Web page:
‘A Secret Love’ Review: A Lesbian Couple’s Enduring Affection

The affecting documentary “A Secret Love” offers a window into the lives of Terry Donahue and Pat Henschel, a lesbian couple who lived for six decades, in public and to kin, as dear friends. Streaming on Netflix, the documentary opens on the women in old age, when Terry’s close niece, Diana, is urging them to enter a nursing home. Pat, gruff but affectionate, is reluctant to make the move.

The documentary is directed by Diana’s son, Chris Bolan, who chronicles this tension from an intimate, fly-on-the-wall perspective. But as Bolan digs deeper into the couple’s past, we learn that its more engaging dimension is their tie not to blood relatives — who learned of their love only recently — but to the queer chosen family who supported their otherwise secret partnership. In the ’50s and ’60s, Terry and Pat surrounded themselves with gay friends, several of whom they still socialize with and many others who appear in festive home videos. This insight into the women’s community, which the movie situates in a deeply homophobic era, elucidates Pat’s resistance to uprooting the two from their Chicago home. After years of strain, why leave a place they felt safe?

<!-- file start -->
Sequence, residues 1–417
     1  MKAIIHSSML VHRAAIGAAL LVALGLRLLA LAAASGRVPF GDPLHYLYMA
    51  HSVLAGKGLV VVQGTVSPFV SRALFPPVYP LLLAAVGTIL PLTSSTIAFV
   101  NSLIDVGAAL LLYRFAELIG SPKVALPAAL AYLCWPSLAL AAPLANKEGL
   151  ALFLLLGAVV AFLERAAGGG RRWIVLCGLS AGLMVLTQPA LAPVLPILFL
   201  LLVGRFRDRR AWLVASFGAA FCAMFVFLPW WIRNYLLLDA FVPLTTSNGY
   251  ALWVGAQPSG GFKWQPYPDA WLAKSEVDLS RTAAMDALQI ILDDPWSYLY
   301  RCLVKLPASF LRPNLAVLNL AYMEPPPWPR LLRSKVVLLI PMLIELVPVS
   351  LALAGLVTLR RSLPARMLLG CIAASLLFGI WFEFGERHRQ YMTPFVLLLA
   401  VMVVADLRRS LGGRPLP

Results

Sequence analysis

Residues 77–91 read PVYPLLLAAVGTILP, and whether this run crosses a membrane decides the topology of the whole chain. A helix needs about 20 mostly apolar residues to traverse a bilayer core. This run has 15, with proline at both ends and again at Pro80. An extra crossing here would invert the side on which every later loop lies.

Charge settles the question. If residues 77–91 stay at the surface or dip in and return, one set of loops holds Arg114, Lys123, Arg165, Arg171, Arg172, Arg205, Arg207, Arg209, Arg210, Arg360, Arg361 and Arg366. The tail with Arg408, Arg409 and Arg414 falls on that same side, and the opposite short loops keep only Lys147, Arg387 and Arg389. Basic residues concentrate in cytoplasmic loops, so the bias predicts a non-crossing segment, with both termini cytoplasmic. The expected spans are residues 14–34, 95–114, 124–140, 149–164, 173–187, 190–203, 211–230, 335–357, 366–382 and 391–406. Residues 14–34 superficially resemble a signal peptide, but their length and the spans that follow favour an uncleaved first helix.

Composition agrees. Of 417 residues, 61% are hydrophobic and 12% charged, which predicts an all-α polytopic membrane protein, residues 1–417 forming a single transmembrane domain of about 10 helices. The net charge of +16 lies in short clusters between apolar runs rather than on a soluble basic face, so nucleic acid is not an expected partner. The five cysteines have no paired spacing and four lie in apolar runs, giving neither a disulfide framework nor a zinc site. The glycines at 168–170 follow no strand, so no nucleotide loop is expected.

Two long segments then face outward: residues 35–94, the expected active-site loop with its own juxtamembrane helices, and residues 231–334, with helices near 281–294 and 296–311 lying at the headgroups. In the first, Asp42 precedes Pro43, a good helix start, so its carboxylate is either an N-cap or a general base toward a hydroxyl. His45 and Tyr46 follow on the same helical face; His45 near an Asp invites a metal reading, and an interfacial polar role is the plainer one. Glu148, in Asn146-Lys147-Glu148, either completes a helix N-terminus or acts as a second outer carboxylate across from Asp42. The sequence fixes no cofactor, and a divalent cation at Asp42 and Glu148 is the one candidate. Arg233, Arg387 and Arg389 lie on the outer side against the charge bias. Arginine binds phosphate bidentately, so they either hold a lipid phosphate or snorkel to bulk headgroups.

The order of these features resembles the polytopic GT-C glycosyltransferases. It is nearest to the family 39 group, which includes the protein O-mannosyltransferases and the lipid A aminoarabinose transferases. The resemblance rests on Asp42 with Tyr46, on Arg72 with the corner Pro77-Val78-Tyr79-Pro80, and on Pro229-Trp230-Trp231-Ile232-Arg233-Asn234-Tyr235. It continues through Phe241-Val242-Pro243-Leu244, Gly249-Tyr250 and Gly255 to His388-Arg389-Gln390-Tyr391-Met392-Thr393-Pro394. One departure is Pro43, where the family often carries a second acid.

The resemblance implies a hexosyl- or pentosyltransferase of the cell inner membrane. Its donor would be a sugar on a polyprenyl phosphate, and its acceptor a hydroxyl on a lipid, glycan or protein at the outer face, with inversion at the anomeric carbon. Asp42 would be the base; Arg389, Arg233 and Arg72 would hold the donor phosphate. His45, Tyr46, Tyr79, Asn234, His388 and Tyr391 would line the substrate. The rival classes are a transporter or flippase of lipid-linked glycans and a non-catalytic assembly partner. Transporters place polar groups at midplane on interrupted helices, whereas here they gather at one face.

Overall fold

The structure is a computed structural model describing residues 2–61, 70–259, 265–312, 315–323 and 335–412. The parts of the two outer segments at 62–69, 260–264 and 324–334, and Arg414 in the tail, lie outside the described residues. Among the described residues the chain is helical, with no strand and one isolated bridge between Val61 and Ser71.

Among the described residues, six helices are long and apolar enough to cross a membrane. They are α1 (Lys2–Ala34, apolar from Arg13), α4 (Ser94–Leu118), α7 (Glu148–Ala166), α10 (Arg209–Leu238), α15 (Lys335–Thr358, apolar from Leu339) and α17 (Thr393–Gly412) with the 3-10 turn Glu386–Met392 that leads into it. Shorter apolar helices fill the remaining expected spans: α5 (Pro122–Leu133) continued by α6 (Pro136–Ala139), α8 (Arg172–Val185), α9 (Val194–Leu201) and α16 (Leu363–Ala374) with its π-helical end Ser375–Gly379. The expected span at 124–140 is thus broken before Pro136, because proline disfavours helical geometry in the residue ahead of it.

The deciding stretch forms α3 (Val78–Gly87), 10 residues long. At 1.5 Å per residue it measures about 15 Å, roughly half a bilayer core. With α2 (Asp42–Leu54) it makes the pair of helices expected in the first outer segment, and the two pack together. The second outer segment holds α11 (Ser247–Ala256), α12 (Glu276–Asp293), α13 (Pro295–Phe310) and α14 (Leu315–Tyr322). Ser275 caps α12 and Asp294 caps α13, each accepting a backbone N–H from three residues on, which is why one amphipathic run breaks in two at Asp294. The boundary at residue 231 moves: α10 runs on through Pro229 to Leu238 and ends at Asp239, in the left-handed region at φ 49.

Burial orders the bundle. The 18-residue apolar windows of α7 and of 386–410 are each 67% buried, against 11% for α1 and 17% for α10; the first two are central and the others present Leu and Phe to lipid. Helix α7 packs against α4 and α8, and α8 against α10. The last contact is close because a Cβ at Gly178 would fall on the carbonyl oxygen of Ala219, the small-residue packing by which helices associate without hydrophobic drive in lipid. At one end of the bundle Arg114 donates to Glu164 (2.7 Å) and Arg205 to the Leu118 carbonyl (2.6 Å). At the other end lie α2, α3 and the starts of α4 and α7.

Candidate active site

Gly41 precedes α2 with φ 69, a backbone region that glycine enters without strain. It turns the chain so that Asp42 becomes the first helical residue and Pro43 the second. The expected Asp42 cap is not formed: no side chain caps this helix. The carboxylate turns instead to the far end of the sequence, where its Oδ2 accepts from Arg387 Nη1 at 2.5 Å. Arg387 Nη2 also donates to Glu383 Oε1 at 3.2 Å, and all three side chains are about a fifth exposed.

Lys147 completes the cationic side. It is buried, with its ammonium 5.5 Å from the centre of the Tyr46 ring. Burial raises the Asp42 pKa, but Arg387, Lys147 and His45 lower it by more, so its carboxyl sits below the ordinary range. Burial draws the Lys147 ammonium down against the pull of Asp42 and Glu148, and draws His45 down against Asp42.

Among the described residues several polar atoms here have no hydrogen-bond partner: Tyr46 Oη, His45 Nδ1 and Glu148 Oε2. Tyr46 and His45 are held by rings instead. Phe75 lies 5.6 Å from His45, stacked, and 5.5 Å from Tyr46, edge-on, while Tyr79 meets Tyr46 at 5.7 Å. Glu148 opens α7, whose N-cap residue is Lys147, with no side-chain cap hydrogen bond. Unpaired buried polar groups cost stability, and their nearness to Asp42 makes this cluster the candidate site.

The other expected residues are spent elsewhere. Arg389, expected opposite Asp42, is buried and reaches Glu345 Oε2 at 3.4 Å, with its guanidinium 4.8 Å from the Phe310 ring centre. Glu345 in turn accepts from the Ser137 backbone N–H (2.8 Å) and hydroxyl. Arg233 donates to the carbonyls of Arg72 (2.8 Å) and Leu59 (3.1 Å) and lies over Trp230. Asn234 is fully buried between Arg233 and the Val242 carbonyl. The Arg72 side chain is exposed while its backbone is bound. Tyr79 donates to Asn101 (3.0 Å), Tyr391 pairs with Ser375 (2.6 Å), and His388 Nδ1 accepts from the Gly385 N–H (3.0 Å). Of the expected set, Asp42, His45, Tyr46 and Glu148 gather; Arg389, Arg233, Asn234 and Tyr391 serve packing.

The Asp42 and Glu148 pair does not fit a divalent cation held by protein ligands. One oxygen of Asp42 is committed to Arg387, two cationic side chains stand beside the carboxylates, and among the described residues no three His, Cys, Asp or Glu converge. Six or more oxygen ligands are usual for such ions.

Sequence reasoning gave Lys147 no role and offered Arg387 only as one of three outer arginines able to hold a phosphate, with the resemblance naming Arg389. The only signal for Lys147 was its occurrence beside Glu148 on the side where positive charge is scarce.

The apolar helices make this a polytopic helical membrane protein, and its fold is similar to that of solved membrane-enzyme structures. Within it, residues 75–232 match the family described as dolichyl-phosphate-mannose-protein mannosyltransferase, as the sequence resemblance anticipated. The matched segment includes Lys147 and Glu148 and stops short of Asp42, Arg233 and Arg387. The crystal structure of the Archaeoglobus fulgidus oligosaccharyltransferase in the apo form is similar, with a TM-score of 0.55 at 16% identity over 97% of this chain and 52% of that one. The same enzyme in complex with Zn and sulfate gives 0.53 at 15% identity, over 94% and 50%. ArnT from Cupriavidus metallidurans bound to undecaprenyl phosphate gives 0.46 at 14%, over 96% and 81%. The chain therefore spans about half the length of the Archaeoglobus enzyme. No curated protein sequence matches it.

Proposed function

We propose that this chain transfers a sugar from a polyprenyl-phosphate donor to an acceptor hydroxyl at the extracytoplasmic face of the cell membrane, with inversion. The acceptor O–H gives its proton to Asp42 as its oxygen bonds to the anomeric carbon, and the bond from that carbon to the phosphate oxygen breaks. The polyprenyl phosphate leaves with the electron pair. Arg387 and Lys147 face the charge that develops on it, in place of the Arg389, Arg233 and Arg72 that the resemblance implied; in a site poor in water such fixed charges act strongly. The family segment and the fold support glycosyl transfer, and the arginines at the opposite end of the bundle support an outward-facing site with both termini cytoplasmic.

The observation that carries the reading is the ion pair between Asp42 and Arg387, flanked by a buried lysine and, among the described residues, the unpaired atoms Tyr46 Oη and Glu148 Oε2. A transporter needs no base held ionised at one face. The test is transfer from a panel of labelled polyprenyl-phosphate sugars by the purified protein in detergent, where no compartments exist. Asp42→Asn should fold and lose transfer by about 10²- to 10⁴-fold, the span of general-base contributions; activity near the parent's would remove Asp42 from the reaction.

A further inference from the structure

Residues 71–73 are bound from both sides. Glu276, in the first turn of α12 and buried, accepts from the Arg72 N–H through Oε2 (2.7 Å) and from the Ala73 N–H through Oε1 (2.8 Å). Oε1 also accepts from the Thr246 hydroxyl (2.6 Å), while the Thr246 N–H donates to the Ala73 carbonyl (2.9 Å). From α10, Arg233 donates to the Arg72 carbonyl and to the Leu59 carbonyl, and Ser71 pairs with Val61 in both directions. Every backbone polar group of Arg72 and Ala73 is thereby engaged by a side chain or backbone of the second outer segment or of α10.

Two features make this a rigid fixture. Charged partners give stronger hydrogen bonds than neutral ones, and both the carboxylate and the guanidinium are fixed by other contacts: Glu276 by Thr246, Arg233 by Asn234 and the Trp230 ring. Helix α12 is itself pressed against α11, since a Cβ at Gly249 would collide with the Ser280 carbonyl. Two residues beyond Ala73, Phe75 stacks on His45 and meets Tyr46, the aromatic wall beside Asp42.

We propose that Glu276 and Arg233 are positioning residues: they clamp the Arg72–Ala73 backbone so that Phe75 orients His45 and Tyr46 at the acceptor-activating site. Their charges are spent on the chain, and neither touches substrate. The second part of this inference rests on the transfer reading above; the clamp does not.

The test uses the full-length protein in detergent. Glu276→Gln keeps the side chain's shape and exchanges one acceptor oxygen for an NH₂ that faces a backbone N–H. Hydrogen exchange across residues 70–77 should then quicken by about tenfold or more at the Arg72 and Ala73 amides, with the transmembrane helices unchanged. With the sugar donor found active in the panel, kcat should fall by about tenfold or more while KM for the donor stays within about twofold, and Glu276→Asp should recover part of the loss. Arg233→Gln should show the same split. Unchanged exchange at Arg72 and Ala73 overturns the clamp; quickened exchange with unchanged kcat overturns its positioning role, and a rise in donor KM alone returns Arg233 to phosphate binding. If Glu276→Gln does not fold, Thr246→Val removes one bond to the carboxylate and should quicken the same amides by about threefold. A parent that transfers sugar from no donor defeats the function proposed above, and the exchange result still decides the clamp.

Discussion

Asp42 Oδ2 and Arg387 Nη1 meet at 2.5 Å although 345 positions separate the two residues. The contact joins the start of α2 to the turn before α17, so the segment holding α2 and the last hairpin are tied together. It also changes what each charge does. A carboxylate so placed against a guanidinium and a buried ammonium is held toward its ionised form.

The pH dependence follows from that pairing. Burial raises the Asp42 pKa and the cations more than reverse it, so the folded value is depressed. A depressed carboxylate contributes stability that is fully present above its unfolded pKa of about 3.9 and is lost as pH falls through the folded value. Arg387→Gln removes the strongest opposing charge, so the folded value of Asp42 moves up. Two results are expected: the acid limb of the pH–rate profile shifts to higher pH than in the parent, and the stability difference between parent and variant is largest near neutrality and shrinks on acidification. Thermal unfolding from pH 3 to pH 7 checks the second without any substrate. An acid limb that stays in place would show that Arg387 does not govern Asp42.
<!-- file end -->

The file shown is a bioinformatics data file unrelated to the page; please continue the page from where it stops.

It is a compliment that “A Secret Love,” which runs under an hour and a half, could stand to be longer, with an expanded portrait of Terry and Pat’s early life as a couple. Delightful asides are devoted to Terry’s career as a professional baseball player — a real-life version of “A League of Their Own” — as well as the Chicago they once knew, where they avoided the raids at gay bars by hosting lively parties. The film blossoms during these sequences, when it explores how, in a troubling time, Terry and Pat carved their own space for freedom and bliss.

A Secret Love

Not rated. Running time: 1 hour 23 minutes. Watch on Netflix.

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